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Research Summary - 2

Genotyping and antimicrobial resistance patterns of Mannheimia haemolytica, Pasteurella multocida and Histophilus somni isolated from the upper and lower respiratory tract of feedlot cattle

Date/Time: 9/13/2019    8:30
Author: Edouard  Timsit
Clinic: Faculty of Veterinary Medicine, University of Calgary
City, State, ZIP: Calgary, AB  T2N1N4

Genotyping and antimicrobial resistance patterns of Mannheimia haemolytica, Pasteurella multocida and Histophilus somni isolated from the upper and lower respiratory tract of feedlot cattle

E. Timsit, DVM, PhD, DECBHM ; T.W. Alexander, PhD ;
1Department of Production Animal Health, Simpson Ranch Chair in Cattle Health and Wellness, Faculty of Veterinary Medicine, University of Calgary, Calgary, AB, Canada
2Lethbridge Research Centre, Agriculture and Agri-Food Canada, Lethbridge, AB, Canada

Introduction:

In the last 10 years, the prevalence of Pasteurellaceae resistant against drugs typically used for bronchopneumonia (BP) control has increased in feedlot cattle. Surprisingly, it is not clear whether this increase in the prevalence of multidrug resistant (MDR) bacteria is due to the spread of one or few multiple MDR clones among cattle during the feeding period (i.e. horizontal spread) or due to the recrudescence of MDR clones already present in the respiratory tract of cattle upon arrival at feedlots. Recently, we reported a high prevalence of MDR M. haemolytica, P. multocida and H. somni isolated from cattle with BP in 4 feedlots in Western Canada. Unfortunately, as we did not genotype these isolates, it was not possible to determine whether a few or a large number of MDR clones were present in these feedlots, supporting either a horizontal spread of MDR clones among cattle or a recrudescence from carriers. Therefore, the objective was to genotype M. haemolytica, P. multocida and H. somni isolates using pulsed field gel electrophoresis (PFGE).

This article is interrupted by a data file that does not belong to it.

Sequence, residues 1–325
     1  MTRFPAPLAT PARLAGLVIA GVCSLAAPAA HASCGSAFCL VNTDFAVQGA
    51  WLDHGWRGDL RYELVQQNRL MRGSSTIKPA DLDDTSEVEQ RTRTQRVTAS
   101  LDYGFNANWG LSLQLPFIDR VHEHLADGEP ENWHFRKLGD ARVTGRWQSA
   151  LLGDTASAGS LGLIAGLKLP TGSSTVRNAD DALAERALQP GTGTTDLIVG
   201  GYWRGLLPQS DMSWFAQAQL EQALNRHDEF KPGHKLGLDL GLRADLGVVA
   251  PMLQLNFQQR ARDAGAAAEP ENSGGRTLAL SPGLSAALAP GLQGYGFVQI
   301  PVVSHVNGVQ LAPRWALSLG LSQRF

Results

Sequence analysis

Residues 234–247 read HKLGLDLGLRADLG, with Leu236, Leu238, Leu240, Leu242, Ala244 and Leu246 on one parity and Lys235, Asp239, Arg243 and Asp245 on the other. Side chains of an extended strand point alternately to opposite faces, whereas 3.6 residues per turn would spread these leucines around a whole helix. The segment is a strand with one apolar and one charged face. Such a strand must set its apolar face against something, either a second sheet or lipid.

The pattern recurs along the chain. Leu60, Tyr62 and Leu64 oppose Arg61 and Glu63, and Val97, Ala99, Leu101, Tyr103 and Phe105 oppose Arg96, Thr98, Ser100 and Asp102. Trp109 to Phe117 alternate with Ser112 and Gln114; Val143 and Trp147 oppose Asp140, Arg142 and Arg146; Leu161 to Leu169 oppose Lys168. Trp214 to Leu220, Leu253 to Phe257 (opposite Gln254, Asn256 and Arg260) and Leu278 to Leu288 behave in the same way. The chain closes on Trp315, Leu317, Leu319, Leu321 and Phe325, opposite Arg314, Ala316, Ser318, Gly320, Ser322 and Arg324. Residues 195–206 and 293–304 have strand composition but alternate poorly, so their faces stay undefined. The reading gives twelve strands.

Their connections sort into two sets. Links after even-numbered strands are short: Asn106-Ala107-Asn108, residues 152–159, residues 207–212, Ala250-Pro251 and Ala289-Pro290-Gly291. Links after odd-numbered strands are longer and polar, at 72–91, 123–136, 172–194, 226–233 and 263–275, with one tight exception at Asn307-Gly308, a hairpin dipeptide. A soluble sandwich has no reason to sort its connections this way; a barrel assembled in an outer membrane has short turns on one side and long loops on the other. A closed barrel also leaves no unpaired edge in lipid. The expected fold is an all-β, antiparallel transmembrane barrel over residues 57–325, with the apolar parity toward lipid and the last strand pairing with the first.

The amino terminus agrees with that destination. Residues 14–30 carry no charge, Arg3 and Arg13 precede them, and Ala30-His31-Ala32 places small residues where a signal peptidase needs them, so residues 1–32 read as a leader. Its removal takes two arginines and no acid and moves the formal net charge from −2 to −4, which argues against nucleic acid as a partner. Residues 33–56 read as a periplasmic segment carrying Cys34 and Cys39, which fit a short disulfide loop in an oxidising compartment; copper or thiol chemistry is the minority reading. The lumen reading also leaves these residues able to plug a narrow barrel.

Materials and Methods:

Newly-received beef-crossed feedlot calves (arrival body-weight ± SD = 282 ± 28 kg) with BRD (n = 210) and pen-matched controls (n = 107) were sampled by DNS and TTA at 4 feedlots in Western Canada. M. haemolytica, P. multocida and H. somni were isolated from DNS and TTA samples and their AMR profiles were determined using broth dilution method. Isolates were then typed by PFGE and grouped into pulsotypes (≥90% similarity).

Results:

In total, 195, 277 and 139 isolates of M. haemolytica, P. multocida and H. somni, respectively, were isolated from DNS and TTA samples. A high proportion of M. haemolytica (≥ 73%) and P. multocida (≥ 78%) isolated from DNS and TTA were resistant against oxytetracycline (OXY) and tulathromycin (TUL). Concerning H. somni, there were high levels of resistance against OXY (≥ 52%) and penicillin (PEN; ≥52%) in both DNS and TTA samples. None or few isolates were resistant to florfenicol (FEE), enrofloxacin (ENR) and ceftiofur (CEF). M. haemolytica isolates were distributed among 20 pulsotypes and 26 singlets. However, the majority of isolates (54%) belonged to a single pulsotype, which displayed resistance to TUL and OXY. This pulsotype was isolated from 29 different pens across all 4 feedlots. P. multocida isolates were distributed among 9 pulsotypes and 11 singlets with the majority of isolates (67%) belonging to one pulsotype that displayed resistance to TUL and OXY. This pulsotype was present in 33 pens across all 4 feedlots. H. somni isolates were distributed among 13 pulsotypes and 28 singlets that were either susceptible to all antimicrobials tested or resistant to PEN and OXY.

Significance:

The genotyping and antimicrobial susceptibility testing of Pasteurellaceae isolated from cattle recently placed at 4 feedlots showed that MDR clones of M. haemolytica and P. multocida can be shared among a large number of cattle within and between feedlots. As cattle were very likely from multiple origins, this finding suggests a horizontal transmission of these clones among cattle shortly after arrival at the feedlots.


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